Before writing your will, decide the type of will you need. After that, choose a beneficiary, an executor, and a guardian (if you have children). Finally, sign your will and keep it stored somewhere safe and inform your loved ones where the document is.
Writing a will can be scary. Let’s face it, few of us enjoy contemplating our mortality, never mind planning for it. Despite this, drafting a will is one of the best gifts you can give your loved ones and a way to ensure your final wishes are followed. It can also prevent future heartache and arguments within your close and extended family.
In this article, we’ll cover the steps to writing your will, what you should include within, and why specifics are so valuable throughout this process.
Step 1: Choose the type of will you need
The type of will you need depends largely on your individual needs and situation. Most people will use a simple will, which clearly states that this is your last testament and wishes upon your passing. If your will is taken to court and contested, your will is clear proof of what you want to be done with all your assets.
You may wish to choose a different style of will depending on your wishes and those of your spouse.
- Simple (or basic) will. A simple will lets you name who you want to take care of your assets, who will be the guardian of your minor children and pets, and who your executor will be.
- Pour-over will. Pour-over wills are used in conjunction with a living trust. This type of will avoids the time and cost of probate court, as your assets are automatically transferred to a living trust once you die.
- Mirror will. As the name suggests, mirror wills are identical copies written by a married couple or domestic partners. Each individual leaves their partner the entire estate and names the same people or organizations are secondary beneficiaries.
- Joint will. Similar to a mirror will, a joint will ensures that your partner will be financially taken care of when you die. This is a single document that outlines both your and your spouse’s final wishes. You each sign the document, which cannot be altered without both signatures.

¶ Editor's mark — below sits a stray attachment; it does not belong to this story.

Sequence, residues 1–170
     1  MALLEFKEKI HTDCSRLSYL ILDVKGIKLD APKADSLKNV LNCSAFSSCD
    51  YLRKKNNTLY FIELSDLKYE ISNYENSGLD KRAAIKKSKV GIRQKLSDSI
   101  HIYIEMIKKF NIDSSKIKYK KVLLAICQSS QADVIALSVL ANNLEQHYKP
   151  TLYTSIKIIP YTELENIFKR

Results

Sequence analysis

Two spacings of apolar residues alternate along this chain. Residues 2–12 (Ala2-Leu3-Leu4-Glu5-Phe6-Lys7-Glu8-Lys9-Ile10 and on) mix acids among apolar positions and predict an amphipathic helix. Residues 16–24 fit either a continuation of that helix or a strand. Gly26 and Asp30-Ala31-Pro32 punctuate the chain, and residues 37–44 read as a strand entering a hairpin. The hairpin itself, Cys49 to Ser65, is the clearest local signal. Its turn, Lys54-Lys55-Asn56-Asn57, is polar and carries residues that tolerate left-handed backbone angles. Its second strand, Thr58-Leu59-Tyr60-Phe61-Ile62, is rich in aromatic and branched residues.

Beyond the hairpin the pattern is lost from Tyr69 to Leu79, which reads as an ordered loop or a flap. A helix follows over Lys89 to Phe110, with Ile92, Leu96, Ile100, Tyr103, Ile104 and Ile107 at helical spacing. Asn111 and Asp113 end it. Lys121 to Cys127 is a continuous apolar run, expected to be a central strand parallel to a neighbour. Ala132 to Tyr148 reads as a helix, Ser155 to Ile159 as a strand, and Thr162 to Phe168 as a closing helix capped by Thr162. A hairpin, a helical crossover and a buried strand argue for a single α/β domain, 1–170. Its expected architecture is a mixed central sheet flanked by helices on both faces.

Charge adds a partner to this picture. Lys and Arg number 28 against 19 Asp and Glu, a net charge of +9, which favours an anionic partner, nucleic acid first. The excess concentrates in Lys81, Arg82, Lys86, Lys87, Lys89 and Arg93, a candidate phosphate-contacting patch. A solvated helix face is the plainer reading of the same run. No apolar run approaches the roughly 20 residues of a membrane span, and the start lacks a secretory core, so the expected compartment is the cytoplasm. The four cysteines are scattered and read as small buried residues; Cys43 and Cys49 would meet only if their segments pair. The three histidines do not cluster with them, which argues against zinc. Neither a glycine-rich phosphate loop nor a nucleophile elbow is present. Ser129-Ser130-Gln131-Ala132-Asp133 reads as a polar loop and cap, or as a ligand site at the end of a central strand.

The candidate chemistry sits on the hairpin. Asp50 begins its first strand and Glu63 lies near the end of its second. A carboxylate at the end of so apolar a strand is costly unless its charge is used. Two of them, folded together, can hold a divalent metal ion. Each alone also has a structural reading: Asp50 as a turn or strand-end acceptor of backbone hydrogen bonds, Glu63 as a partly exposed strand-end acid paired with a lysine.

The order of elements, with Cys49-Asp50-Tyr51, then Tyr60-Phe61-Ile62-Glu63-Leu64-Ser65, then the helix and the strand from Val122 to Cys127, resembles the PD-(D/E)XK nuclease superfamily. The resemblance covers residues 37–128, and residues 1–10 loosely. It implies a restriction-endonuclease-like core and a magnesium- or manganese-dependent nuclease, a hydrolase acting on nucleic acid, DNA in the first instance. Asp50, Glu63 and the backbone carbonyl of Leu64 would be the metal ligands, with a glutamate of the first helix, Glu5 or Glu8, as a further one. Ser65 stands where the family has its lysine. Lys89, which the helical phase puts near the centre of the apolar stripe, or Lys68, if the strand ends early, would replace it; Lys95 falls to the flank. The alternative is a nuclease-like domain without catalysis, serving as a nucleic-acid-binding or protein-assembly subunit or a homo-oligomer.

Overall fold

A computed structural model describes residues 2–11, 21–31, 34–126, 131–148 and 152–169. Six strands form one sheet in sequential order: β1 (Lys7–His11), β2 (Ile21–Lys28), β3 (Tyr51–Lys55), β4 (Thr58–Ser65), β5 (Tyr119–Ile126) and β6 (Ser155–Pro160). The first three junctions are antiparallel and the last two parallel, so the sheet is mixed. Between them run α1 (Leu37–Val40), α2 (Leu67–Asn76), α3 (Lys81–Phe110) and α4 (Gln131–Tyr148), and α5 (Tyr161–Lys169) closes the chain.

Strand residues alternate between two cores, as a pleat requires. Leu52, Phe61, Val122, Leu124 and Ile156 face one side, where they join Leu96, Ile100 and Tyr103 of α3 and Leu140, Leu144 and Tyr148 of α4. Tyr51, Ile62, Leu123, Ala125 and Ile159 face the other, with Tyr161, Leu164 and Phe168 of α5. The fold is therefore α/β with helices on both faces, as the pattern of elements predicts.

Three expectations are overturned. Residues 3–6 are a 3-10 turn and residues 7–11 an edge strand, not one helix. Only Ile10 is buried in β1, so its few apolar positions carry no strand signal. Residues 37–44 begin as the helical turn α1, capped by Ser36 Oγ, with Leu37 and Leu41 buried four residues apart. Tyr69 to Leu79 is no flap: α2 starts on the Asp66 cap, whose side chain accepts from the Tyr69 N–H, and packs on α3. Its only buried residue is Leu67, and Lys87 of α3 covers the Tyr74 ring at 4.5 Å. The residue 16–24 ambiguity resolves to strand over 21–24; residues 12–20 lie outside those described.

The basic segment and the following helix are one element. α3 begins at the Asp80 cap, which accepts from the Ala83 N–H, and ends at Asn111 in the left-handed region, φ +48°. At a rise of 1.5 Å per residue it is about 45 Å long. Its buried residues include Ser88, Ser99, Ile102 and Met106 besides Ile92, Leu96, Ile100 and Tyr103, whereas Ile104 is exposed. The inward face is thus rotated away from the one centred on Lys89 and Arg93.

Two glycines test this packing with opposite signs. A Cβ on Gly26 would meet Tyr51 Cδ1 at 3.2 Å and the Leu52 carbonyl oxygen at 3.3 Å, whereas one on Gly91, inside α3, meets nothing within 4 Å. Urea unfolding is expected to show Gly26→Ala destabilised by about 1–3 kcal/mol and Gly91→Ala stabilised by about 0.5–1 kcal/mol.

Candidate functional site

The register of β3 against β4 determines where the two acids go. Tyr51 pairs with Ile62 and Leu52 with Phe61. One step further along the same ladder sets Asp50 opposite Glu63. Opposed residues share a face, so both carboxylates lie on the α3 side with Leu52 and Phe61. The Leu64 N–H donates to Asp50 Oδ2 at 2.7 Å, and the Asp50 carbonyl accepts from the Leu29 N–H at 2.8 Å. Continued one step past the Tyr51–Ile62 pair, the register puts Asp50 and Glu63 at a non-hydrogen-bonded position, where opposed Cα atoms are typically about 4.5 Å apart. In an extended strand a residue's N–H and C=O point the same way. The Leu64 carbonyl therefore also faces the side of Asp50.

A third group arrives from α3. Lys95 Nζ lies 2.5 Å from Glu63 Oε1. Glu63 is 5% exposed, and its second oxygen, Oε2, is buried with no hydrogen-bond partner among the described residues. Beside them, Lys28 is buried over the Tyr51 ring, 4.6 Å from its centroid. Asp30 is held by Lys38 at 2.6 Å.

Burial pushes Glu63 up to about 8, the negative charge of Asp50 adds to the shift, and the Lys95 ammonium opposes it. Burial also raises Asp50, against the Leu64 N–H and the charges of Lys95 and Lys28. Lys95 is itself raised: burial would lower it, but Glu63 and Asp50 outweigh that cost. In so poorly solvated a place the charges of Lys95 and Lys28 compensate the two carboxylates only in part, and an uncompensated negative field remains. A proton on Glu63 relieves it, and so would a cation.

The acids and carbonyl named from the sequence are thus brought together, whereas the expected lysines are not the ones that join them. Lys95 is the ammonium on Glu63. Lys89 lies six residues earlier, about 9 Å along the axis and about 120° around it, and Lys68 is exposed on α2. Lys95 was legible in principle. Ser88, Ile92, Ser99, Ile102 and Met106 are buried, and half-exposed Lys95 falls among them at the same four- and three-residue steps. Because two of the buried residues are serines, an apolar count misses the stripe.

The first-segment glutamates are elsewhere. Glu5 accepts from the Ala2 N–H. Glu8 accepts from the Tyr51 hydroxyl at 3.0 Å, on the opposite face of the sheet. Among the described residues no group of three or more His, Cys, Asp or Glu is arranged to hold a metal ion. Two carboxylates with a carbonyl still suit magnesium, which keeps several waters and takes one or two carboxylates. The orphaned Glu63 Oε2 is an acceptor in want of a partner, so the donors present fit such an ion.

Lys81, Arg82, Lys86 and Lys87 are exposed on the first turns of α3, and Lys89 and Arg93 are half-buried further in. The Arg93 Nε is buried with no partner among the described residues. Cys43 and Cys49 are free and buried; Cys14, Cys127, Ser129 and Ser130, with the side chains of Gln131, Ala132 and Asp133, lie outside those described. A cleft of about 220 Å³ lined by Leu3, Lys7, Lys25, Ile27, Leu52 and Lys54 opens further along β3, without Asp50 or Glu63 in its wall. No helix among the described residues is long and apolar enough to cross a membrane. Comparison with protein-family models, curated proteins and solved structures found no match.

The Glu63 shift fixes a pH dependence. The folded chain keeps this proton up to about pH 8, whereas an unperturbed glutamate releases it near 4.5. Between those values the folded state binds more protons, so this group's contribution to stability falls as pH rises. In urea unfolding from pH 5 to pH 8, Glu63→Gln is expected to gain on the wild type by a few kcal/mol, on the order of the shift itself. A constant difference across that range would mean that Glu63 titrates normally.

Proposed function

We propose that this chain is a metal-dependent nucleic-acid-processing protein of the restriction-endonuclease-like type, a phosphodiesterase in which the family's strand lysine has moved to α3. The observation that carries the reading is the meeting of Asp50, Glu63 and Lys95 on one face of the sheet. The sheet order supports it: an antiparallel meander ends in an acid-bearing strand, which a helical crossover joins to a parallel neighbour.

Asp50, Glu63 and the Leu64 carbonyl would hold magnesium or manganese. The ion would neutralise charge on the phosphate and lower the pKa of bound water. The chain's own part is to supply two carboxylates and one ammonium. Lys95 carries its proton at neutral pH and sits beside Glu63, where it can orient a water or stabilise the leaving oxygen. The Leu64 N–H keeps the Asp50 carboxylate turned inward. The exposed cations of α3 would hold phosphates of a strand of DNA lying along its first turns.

- Holographic will. Though it sounds futuristic, a holographic will is simply handwritten and signed. Some holographic wills don’t even have witnesses. That being said, the validity of this will type differs depending on individual state laws.
- Nuncupative will. A nuncupative will is given orally, which can make them difficult to validate. Most estate attorneys advise against this type of will, as some states do not recognize nuncupative wills and those that do have very specific requirements.
Step 2: Decide what assets to include
You can include whatever you want in your own will, but there are a few essential items to include in every draft. This includes:
- Bank and retirement accounts
- Your life insurance policy
- Personal property and family heirlooms
- Children and pets
Your personal property includes any vehicles and real estate you own, so be sure to list it all. In addition, make sure to list any pets you have alongside your other property. Though they may feel like children, the law considers pets property that must have a named caretaker or guardian.
Step 3: Choose your beneficiaries
Once you’ve outlined all of your assets, you’ll need to decide who gets what. If you have your own family, you may decide to leave everything to them. You may also choose to leave most of your estate to your family and have any remaining funds go to other family members or a charity of your choice.
Whoever you decide, make sure to clearly state who they are and what you are leaving them. If your will arrives in probate court, specificity will help ensure everyone knows what they’re getting. It also limits any disputes your beneficiaries may have between themselves.